Katy Guillen & the Girls

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Katy Guillen & the Girls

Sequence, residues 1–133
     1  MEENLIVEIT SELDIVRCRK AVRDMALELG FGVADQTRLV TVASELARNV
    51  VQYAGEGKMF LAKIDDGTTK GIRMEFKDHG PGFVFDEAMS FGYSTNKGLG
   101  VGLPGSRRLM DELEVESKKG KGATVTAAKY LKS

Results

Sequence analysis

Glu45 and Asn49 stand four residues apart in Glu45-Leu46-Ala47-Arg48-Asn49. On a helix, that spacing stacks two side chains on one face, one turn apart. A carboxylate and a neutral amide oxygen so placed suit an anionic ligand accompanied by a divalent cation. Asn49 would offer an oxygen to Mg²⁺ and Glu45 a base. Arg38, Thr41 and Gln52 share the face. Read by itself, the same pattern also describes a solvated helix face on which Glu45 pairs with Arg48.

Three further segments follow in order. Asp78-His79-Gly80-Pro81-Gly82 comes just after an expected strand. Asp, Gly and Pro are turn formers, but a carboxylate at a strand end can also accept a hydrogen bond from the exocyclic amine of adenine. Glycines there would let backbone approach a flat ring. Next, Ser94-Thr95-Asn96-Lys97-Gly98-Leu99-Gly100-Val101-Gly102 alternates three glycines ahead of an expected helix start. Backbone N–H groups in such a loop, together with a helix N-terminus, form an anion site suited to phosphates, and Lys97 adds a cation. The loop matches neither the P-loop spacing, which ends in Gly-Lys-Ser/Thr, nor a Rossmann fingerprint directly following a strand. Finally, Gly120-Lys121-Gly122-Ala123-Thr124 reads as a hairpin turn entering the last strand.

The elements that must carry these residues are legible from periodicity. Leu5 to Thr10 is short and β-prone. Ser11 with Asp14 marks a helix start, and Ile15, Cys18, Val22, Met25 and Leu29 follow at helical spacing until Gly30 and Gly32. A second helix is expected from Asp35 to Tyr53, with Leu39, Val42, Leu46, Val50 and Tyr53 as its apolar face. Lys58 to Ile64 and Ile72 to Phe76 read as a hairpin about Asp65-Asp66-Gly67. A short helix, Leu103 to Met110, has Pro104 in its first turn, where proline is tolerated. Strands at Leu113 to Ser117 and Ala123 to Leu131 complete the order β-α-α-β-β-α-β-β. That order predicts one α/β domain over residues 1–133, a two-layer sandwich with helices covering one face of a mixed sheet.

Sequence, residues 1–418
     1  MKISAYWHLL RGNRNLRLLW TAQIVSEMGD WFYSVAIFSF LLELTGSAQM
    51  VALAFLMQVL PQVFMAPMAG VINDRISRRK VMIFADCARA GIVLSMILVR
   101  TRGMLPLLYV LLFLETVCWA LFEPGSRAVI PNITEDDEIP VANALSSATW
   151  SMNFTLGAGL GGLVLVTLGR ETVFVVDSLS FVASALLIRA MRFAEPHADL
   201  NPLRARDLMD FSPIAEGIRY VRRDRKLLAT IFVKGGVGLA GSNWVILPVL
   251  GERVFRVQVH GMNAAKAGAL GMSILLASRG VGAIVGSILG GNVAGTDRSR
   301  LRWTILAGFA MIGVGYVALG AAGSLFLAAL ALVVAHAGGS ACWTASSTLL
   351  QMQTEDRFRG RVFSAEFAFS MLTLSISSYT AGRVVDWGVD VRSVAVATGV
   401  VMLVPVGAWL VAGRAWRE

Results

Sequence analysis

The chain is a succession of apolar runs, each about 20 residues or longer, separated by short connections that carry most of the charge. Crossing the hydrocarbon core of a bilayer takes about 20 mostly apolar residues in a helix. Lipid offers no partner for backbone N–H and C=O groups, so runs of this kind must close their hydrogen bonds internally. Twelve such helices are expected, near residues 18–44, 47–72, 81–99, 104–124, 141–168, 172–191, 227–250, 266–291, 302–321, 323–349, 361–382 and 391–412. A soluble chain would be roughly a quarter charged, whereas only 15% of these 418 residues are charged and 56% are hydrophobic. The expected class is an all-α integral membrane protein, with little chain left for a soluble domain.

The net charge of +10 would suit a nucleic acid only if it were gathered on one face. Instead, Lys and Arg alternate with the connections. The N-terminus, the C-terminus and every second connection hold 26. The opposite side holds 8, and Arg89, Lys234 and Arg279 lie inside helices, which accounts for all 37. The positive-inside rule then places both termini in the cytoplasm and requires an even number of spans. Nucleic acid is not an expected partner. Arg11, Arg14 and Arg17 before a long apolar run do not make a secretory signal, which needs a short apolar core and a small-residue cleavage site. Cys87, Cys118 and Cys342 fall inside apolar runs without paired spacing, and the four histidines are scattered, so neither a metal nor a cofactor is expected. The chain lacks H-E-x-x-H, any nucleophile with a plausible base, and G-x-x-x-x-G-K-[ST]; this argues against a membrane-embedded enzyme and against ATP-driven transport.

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<div><span>Normally when I discover a band for the first time, I listen to their album first, then go see them live. In the case of </span><a href="kgandthegirls"><span>Katy Guillen &amp; The Girls&rsquo;</span></a><span> new release, the situation's been reversed. I saw them live a couple of times before the album was released, so I was interested to hear if the record was going to capture the ferocity of their live performances. I have to confess that my hearing is not in the best of shape, and, due to a poor sound mix at what shall be an unnamed Lawrence venue, I never got to hear the words or even the melodies properly live at the most recent concert I attended. But upon hearing the self-titled LP, it&rsquo;s nice to hear that Guillen can write literate lyrics to these songs I've heard played out. </span></div> <div>&nbsp;</div> <div><span>The album opener, &quot;Don't Get Bitter,&quot; hearkens back to the sound and feel of the Beatles' &quot;Taxman,&quot; with Claire Adams' bass introducing the song. It's short, catchy, and lasts exactly as long as it should. If there were a single release off this album, this would be it. </span></div> <div>&nbsp;</div> <div><span>This record is no-frills. It's the band pretty much as you hear them live, with the mix capturing a live in-studio sound. What strikes me listening to this record is that Katy and the Girls are not strictly a blues band. There's certainly an infusion of the blues in what they do, but, to my ears, they hearken back to some of the late &lsquo;60s-early &lsquo;70s hard rock bands like Mountain and Free, but with better lyrics and songs. I also hear some White Stripes in there somewhere. The melodies and harmonies are accentuated and they help blend with the powerful playing. </span></div> <div>&nbsp;</div> <div><span>Katy Guillen, Claire Adams, and <a href="http://kansascity.thedelimagazine.com/10163/on-beat-stephanie-williams">Stephanie Williams</a> fill up a lot of space in these songs. It's obvious they are all very well in sync and have that great intuitive blend that comes from playing lots of live gigs together. I also like the changes in some of the songs, which go in directions you don't expect, like &quot;Woke Up In Spain,&quot; which switches tempo adroitly. </span></div> <div>&nbsp;</div> <div><span>The absolute masterpiece of this album is the last song, &ldquo;Earth Angel.&rdquo; It's the longest tune on the album, but it doesn't feel long. It starts out with Guillen&rsquo;s dirty-sounding guitar intro, reminiscent of Jimi Hendrix's &quot;Little Wing,&quot; and builds in intensity as it moves along. Guillen takes one hell of a solo during this song. It's obvious from hearing this record that she is an excellent guitarist but never overplays during the songs. But when the song calls for a lengthy solo, like &quot;Earth Angel,&quot; sparks fly. The rest of the band is equally as adept. Adams&rsquo; bass lines are nimble and fit right in place with Williams&rsquo; active drum work. It's a pleasure to hear a band that obviously loves to play together rolling through these songs. The album&rsquo;s producer (Duane Trower at <a href="https://www.facebook.com/pages/Weights-and-Measures-Soundlab/124412430956864">Weights &amp; Measures Soundlab</a>) captures the clarity of the music as well as the power of a live performance. </span></div> <div>&nbsp;</div> <p><b><span>--Barry Lee</span></b><span><br /> <br /> </span></p>